Home Page About Us Contribute

Escort, Inc.

Tweets by @CrittendenAuto

By accessing/using The Crittenden Automotive Library/CarsAndRacingStuff.com, you signify your agreement with the Terms of Use on our Legal Information page. Our Privacy Policy is also available there.

Random Lugnuts:  Couch Potato NASCAR Fans

American Government Special Collections Reference Desk

Stock Car Racing Topics:  Random Lugnuts, NASCAR
What is Random Lugnuts?  It's random bits of stock car racing commentary written on an irregular basis by an irregular racing fan.  The name is a reference to the lugnuts that go flying off a car during a pit stop:  you never know where they are going to go, what they're going to do when they get there, they can be annoying, they're often useless after a race, and every once in a while someone gets hit and they don't know exactly where it came from.
Opinions expressed by Bill Crittenden are not official policies or positions of The Crittenden Automotive Library. You can read more about the Library's goals, mission, policies, and operations on the About Us page.

Bill Crittenden

Bill Crittenden
March 19, 2011

Random Lugnuts:  Couch Potato NASCAR Fans

I watched Dave Despain's Wind Tunnel last week and caught a few comments about whether NASCAR should focus on being a real sport for the ticket-buying fans or entertainment for television, and whether a fan was a true fan or not if they didn't spend the money on the sport.

At least, that's what I think they were talking about.  Either that or the cough syrup I was taking had a lot more alcohol in it that it says on the bottle.  Since I don't remember exactly what they were talking about, I'll just make this up as I go along.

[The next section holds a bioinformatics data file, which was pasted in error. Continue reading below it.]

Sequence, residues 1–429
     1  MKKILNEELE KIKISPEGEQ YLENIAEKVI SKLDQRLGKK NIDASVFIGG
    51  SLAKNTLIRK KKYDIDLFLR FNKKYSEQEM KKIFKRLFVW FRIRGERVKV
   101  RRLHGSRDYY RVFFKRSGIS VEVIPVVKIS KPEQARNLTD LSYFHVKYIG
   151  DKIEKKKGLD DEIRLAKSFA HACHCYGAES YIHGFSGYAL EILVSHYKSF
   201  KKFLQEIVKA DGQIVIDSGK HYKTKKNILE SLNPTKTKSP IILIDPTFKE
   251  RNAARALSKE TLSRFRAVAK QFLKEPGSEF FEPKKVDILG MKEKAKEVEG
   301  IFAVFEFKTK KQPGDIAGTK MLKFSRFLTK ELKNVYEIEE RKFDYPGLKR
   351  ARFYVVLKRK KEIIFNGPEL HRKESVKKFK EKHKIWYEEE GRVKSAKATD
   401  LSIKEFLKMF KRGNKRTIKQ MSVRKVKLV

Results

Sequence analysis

I guess the first question is whether or not the guy sitting in his living room is a real true NASCAR fan or not.  If they're not spending the money on tickets, as an argument I've heard before goes, then they're just a "casual fan" and aren't as important. They come and go and aren't the people really supporting the sport.

First of all, that statement may have held some weight back in the mid 90's when the economy, and the sport, were growing faster than anyone could have expected.  But this is 2011, and two out of the big three automakers have gone bankrupt since then and the only economic indicators that are high are unemployment and foreclosures.  A NASCAR race is an expensive outing for a working class family of three, and I don't think anyone can blame a family for choosing rent payments over race tickets.  Telling people that have fallen on hard times that they're not even real true NASCAR fans anymore because they can't afford to be NASCAR fans is just kicking people when they're down.

Being a fan shouldn't be about how much you're able to spend but rather how you feel about something.  Would you describe yourself as a NASCAR fan to someone you just met, not caring how they may judge you and knowing that's how they may remember you for a long time to come?  Then you're a NASCAR fan.

Besides, it's not as though the TV fans don't spend their money on the sport in smaller ways.  Sure, I haven't been to a national NASCAR series race since 2008, but in the meantime I've added a few die cast to my shelves.  I've never seen Dale Jr. drive the 88 in person, but I have a t-shirt to wear on race days spent on the couch.